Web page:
Anti-store march on Town Hall

PROTESTERS against a new superstore in Dean Road marched through Scarborough town centre yesterday afternoon.

Organisers said more than 100 people turned out for the march, which began on Dean Road and progressed to the Town Hall.

A petition against Tesco plans for the site, containing 2,700 signatures, was handed to the council.

Protesters remained outside the Town Hall for around half an hour, under the watchful eye of PCSOs, but there were no signs of any disorder.

Neil Price, a committee member of the Scarborough Town Against Tesco Store group and owner of Kingsway Guest House, said the event had been a success.

“It’s a great day, and we’re really happy with the turnout,” he said.

The march had been timed to coincide with a meeting of Scarborough Council’s planning and development committee.

“The town is speaking up for itself,” Mr Price added. “People are starting to realise that this is a huge superstore and not just a normal supermarket.

“We believe it will decimate small businesses and all the little stores, and another main concern is traffic congestion.

“If this goes ahead, in four or five years people will be saying ‘why did we let that happen?’

“This isn’t only a protest against Tesco, we are not in favour of any supermarket on that site.”

The decision over whether to grant planning permission will be taken in the summer.

While several passing motorists sounded their horns in support of the protest, other passers-by made it known that they approved of plans for a new store.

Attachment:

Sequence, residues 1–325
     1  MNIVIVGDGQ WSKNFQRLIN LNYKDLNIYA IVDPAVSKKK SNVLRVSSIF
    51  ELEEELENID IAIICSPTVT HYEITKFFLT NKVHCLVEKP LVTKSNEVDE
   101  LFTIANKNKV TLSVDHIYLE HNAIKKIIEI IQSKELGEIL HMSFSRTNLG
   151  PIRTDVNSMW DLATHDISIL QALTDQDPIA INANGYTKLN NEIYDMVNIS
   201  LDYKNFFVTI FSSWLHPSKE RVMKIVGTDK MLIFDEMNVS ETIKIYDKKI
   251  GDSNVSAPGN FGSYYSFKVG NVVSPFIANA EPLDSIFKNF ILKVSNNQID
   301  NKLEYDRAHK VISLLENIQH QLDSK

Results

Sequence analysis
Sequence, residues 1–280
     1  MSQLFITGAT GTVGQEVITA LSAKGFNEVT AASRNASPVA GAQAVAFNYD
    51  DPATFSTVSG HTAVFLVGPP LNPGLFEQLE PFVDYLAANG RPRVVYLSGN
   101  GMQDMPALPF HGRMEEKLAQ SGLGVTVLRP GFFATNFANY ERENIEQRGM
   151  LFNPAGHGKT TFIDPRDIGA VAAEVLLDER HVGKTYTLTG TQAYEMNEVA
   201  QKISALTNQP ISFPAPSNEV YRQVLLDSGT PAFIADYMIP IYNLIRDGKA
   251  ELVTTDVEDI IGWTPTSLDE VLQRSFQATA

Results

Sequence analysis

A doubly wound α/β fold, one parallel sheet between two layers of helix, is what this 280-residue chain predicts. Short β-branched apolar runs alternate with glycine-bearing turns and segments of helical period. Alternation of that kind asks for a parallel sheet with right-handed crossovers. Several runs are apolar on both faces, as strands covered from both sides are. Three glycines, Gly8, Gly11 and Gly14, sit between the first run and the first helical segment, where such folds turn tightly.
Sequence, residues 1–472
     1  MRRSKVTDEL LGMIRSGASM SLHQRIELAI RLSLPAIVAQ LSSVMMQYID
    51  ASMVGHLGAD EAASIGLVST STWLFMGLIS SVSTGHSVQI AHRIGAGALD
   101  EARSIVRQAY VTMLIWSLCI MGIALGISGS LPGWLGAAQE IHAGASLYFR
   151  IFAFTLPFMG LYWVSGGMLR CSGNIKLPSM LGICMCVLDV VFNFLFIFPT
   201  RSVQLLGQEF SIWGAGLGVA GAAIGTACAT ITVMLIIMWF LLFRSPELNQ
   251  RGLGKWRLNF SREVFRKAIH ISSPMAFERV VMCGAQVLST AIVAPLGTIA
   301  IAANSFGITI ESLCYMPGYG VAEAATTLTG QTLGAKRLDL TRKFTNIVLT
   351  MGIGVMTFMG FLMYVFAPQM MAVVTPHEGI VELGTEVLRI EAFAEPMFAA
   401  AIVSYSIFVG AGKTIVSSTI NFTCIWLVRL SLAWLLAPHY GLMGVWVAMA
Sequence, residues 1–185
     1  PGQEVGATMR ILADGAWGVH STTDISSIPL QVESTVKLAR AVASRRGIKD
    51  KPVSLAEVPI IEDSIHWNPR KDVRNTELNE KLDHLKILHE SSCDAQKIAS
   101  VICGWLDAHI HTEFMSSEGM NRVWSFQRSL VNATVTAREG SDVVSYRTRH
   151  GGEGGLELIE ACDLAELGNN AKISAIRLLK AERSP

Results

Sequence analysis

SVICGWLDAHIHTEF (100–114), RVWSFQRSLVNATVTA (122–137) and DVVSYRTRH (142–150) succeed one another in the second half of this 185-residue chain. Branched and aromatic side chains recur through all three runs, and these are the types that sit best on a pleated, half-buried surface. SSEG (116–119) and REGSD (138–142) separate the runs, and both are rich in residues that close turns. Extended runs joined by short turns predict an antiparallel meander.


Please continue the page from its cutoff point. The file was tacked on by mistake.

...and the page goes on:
Those on the march, however, were adamant that the store would be a disaster for Scarborough.

The loss of parking along Columbus Ravine and the closure of Trafalgar Street West were among the most contentious issues.

Columbus Ravine resident Bill Messruther, 71, said: “I’ve was carried up Penny Black Lane 70 years ago. They can’t just flog it to Tesco. It belongs to us.”

Yorkshire Coast College student and window cleaner Matt Witty, 17, said he was worried about the impact a store would have on businesses.

Diana Brooksbank, who runs the Bethany Spring guesthouse in Columbus Ravine, said a loss of car parking spaces could put her out of business.

“I am frightened,” she said. “I’ve been running my business for a long time and the first thing people ask about is parking.”

Tesco have said their plans for a new store will bring 350 new jobs to Scarborough and revitalise the Dean Road area.

A spokesperson for the company said yesterday that they did not wish to comment on the protest march.